The deterioration of the diving wreck Rainbow Warrior has convinced Katikati teacher Anderley Middleton that the Rena must be removed from Astrolabe Reef.
She fears that if the same thing happened to the Rena it would have devastating effects on the plants and fish that live on the reef.
The double major in chemistry and earth sciences spelled out her concerns of an unfolding environmental disaster while giving evidence yesterday to a hearing on the application to leave the remains of Rena on the reef.
Her evidence was based on years of diving on the scuttled protest ship and applying the lessons to the Rena. She remembered being puzzled about why plant life growing on the outside of Rainbow Warrior began to thin as the years went by, instead of growing thicker.
She finished diving on the wreck in 1998 because of concerns from huge plumes of rust that bellowed up around them.
"I was very concerned for our health," she said.
The last dive, 11 years after the Rainbow Warrior was scuttled on to the sandy sea floor, left her shocked by the rate of deterioration. The inside of the ship had collapsed and the outside of the hull was covered in dust.
"We couldn't see the sea life and the whole image was grey and desolate, with very little fish."
Ms Middleton said it seemed as if nothing happened for about seven years and then it all broke down at once rather than gradually over time.
She said if the Rena disintegrated like the Rainbow Warrior, it would kill the sea life. That was when the disaster would show its full effects from heavy-metal poisoning.
"It may appear to be okay at the moment after four years, but it is year seven onwards that worries me."
Ms Middleton, who has done 40 dives on Astrolabe, also feared the hull may attract species of plants that were tolerant to the paint and high iron content of the wreck, instead of the normal dominant plant species in the area.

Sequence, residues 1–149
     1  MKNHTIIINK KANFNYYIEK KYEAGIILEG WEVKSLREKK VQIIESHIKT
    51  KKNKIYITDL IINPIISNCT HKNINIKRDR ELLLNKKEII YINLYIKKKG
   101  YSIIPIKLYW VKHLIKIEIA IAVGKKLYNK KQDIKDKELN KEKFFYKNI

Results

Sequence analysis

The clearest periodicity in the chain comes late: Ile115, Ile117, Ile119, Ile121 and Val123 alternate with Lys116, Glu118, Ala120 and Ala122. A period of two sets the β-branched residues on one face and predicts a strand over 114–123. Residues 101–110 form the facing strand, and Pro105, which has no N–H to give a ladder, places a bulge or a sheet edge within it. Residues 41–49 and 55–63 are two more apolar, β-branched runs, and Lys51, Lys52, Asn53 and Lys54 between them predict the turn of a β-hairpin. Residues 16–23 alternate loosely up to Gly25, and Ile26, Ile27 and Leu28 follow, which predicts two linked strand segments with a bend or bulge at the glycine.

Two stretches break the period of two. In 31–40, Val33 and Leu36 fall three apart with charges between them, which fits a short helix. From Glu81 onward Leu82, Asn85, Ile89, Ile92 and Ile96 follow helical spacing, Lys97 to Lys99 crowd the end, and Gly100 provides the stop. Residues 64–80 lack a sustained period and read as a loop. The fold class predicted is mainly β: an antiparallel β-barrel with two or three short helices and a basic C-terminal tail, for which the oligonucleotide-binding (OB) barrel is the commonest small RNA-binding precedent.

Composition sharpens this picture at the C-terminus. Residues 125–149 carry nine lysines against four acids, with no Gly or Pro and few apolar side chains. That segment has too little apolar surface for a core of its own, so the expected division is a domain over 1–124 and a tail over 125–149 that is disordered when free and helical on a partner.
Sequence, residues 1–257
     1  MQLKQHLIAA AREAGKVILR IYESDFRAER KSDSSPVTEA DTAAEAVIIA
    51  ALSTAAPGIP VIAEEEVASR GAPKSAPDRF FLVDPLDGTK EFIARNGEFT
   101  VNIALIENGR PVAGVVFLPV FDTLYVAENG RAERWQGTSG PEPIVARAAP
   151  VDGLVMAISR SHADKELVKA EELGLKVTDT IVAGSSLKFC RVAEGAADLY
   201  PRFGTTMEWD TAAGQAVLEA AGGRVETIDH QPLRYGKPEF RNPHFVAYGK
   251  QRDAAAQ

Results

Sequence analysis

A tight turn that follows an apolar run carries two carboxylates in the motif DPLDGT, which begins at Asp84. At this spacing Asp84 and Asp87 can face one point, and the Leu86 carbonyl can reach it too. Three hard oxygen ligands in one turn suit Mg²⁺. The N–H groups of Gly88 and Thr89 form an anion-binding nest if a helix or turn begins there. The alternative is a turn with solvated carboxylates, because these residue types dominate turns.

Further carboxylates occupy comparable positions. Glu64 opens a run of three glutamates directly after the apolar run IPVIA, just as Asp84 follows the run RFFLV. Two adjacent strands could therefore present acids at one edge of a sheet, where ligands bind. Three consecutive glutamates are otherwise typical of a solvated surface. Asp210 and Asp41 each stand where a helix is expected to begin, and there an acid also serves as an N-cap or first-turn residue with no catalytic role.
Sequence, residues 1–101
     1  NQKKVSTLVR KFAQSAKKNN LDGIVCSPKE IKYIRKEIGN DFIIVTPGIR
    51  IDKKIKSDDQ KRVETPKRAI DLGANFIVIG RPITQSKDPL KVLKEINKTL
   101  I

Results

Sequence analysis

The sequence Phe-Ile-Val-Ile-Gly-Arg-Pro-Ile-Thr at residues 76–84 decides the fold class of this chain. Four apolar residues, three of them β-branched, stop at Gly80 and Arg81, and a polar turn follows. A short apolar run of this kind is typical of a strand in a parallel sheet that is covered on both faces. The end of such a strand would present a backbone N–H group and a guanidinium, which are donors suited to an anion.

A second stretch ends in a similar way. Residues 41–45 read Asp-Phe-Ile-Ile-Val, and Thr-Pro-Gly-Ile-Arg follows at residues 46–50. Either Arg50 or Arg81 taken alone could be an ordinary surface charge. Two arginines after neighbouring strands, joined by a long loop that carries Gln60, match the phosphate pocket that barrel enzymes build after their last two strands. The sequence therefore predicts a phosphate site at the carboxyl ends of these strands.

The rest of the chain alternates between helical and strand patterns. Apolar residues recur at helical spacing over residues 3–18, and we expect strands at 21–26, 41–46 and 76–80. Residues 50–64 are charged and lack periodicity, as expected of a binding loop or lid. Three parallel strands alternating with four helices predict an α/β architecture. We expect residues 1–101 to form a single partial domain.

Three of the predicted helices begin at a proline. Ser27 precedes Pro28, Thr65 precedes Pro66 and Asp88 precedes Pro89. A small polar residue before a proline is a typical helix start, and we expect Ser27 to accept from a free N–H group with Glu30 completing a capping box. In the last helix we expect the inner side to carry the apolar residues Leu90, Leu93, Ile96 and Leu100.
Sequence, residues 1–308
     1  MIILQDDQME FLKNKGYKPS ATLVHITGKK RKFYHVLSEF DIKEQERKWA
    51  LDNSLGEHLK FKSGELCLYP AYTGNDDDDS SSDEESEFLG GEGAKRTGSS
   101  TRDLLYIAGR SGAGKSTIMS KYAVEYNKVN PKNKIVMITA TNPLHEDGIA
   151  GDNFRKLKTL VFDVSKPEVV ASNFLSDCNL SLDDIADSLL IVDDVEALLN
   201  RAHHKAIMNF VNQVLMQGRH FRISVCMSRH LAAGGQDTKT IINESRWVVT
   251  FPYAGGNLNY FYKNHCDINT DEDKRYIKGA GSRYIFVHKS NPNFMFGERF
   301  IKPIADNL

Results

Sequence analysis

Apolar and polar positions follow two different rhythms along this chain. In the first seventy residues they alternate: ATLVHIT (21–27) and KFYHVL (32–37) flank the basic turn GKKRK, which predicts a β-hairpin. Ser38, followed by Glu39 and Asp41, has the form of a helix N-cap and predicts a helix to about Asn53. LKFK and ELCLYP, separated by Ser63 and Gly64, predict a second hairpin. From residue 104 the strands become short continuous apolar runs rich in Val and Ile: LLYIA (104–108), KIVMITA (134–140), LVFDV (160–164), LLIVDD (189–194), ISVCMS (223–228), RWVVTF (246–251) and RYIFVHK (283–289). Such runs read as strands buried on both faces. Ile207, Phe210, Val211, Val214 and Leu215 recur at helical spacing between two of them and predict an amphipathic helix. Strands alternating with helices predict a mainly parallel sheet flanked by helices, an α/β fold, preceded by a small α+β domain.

"The reef may appear to be healthy but in fact it could be dying because of the more aggressive iron/spray dominating species surviving and becoming a weed ... we need to put saving the environment over economics and fully remove the Rena."
Debbie McCauley, author of the award-winning children's book, Motiti Blue and the Oil Spill, said the owners and insurers of the Rena must face the consequences of their actions.
She said Rena rubbish was present in the seven sacks of rubbish collected by the Mauao Area Wildlife Trust last weekend. Container insulation showed that the wreck was still producing little "gifts" for the community to deal with.
"Our community doesn't want potential environmental effects managed, we want nil possibility of future environmental effects. My message is simple, stop muddying the waters and remove the wreck," she said.
Eric Gosse, a commercial diver and mariner, said the Rainbow Warrior deteriorated because it was cheaply built of recycled steel. This applied to a degree to the Rena.
As with the wreck of the SS Wiltshire off Great Barrier Island, the Rena was likely to end up with its upper plates largely lying over each other. "This will not prevent it providing homes for the small fish that Astrolabe lacked."
Why Tauranga children's book author Debbie McCauley wants the Rena gone
"If you make a mess in someone else's home, you clean it up."
"Insurance and shipping companies are trying to dodge their responsibilities."
"Do what is morally right so we can all move on."